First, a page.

- Deleted Scenes (SD, 8 min) - With optional commentary by the same trio who provided the commentary for the film. There are five axed segments, playable individually, or as a whole. We get some propaganda, senseless nudity, more military service, and a few extended bits that just show us more of the process the Repo Men go through when getting assigned their "jobs." All of the above adds little, if anything, to the film, so feel free to skip them entirely.
- The Union Commercials (SD, 3 min) - Seven faux commercials for The Union, concerning implants and the people they affect. You know, the lives they "save." There are also some seriously odd commercials, concerning deodorant, mail order brides, and inappropriate soda ad. The future seems like a great place, based off all this. Or at least a place with a great sense of humor.
- Inside the Visual Effects (HD, 6 min) - Check out the before and after green screen effects, with set extensions, replacement body parts, and scene additions, all with discussion from the same writing/directing trio, leaning towards annoying jokes that only they care about.
HD Bonus Content: Any Exclusive Goodies in There?
It cannot be said that Universal put little effort into this release. In fact, they put damn near each and every one of their trinkets here. You can Bookmark your favorite scenes (through the My Scenes feature), get some rumble down under if your furniture is D-Box Motion Code enabled, you can control the disc through your iPhone with PocketBlu, and hop online with BD-Live, though the portal isn't yet live. The main menu is also enhanced with the Ticker that advertises other Universal releases (though as of press time, said Ticker was less than intelligent, and was more a nag, begging me to put my player online so that it could inundate me with trailers). All that, and there's still more!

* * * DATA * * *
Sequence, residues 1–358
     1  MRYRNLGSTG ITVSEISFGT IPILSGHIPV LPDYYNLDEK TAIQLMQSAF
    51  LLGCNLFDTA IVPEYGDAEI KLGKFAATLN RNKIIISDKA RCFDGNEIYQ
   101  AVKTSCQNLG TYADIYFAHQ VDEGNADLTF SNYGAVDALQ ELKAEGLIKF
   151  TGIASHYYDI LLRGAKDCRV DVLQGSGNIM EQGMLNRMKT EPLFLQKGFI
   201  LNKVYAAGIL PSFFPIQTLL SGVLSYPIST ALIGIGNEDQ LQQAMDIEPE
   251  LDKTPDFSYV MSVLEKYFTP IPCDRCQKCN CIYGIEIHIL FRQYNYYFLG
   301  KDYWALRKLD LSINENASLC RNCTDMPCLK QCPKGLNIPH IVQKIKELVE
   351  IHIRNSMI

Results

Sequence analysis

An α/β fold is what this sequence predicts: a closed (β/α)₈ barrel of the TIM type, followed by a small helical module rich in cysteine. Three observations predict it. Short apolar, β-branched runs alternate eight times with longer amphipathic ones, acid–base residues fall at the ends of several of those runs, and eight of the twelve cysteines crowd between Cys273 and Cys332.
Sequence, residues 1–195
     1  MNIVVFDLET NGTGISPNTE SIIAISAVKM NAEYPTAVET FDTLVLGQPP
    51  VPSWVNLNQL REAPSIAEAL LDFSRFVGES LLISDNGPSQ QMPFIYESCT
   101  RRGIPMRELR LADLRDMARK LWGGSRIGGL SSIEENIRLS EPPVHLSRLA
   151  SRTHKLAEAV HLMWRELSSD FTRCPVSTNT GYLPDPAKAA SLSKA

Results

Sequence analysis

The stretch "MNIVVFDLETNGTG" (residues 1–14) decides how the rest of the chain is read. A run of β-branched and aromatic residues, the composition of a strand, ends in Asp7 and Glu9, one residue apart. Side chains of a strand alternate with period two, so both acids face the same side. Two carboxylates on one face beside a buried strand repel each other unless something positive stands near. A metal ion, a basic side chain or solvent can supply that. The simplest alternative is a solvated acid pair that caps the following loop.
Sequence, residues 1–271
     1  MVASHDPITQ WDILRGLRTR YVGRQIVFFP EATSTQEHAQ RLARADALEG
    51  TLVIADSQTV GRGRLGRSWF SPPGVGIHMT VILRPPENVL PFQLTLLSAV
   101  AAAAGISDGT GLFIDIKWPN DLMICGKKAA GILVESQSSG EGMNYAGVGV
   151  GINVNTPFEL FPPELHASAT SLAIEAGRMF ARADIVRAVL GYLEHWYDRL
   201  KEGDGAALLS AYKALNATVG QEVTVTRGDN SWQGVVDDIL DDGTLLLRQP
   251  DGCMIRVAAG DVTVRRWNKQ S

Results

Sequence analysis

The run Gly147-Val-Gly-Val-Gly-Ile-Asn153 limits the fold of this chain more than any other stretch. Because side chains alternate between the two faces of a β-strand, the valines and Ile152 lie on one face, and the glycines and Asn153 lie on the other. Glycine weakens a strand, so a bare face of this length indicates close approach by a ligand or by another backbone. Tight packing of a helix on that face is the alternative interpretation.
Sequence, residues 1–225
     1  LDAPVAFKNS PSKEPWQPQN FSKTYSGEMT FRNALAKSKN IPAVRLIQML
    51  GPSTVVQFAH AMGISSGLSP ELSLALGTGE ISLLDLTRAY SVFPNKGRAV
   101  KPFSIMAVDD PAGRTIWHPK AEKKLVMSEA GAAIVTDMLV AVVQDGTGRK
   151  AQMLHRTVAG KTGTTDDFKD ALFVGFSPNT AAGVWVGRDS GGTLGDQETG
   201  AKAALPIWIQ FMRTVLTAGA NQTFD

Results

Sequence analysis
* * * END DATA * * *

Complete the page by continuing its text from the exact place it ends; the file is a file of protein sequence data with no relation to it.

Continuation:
- U-Control - Available only through the theatrical cut of the film, there are two distinct options for this Universal branded track, neither of which is playable alongside the other. In the Picture in Picture option, we get some information the film just cannot portray, some good, some boring as hell. The PiP has a level of frequency that is a little on the light side, and that has a double meaning, as the audio default is incredibly soft, and is somewhat incoherent. If you are to play this track, be sure to go into the setup option and adjust PiP volume to high. In the Artiforg Tech Specs option, the meandering mess above is not an issue. This pop up may be one of the most advanced U-Control features to date, as we don't just get a screen concerning the organ and its details, but we get a menu for each that lets us choose what to learn about it, with the Features tab of each organ highlighting individual aspects of an organ as you scroll through it. Honestly, it's a bit dry after a while, kinda repetitive, but it's very well made, and deserving of all the applause I can give a U-Control track.
Watching someone get paid to cut out body parts is so much more fun when there's singing involved. There, I said it. 'Repo Men,' try as it may, just cannot shake the stigma that it's not all that original. It's a piecemeal film, made from the best parts of other films, jumbled together in a way that makes it all nonsense. Bloody, violent nonsense. Universal's Blu-ray release has very good video, great audio, and an acceptable pile of extras. It's worth a look, based on disc quality alone, but damn if it couldn't have been a better film, with a sharper, more experienced eye at the helm, and perhaps a few actors who actually cared about more than their paychecks.
- BD-50 Blu-ray Disc
- Theatrical & Unrated Director's Cut
- Region Free
- 1080p/AVC MPEG-4
- English DTS-HD Master Audio 5.1 Surround Sound
- French DTS 5.1
- Spanish DTS 5.1
- English DVS (Descriptive Video Service) 2.0
- English SDH, French, Spanish
- Feature commentary with director Miguel Sapochnik and writers Eric Garcia and Garrett Lerner
- Deleted scenes with optional commentary with Sapochnik, Garcia and Lerner
- Union commercials: see the unique Union commercials used in the film in their entirety.
- Inside the visual effects: get an "insider's" look at the unique visual effects used in the film.
Exclusive HD Content
- My Scenes
- Pocket Blu
- Social Blu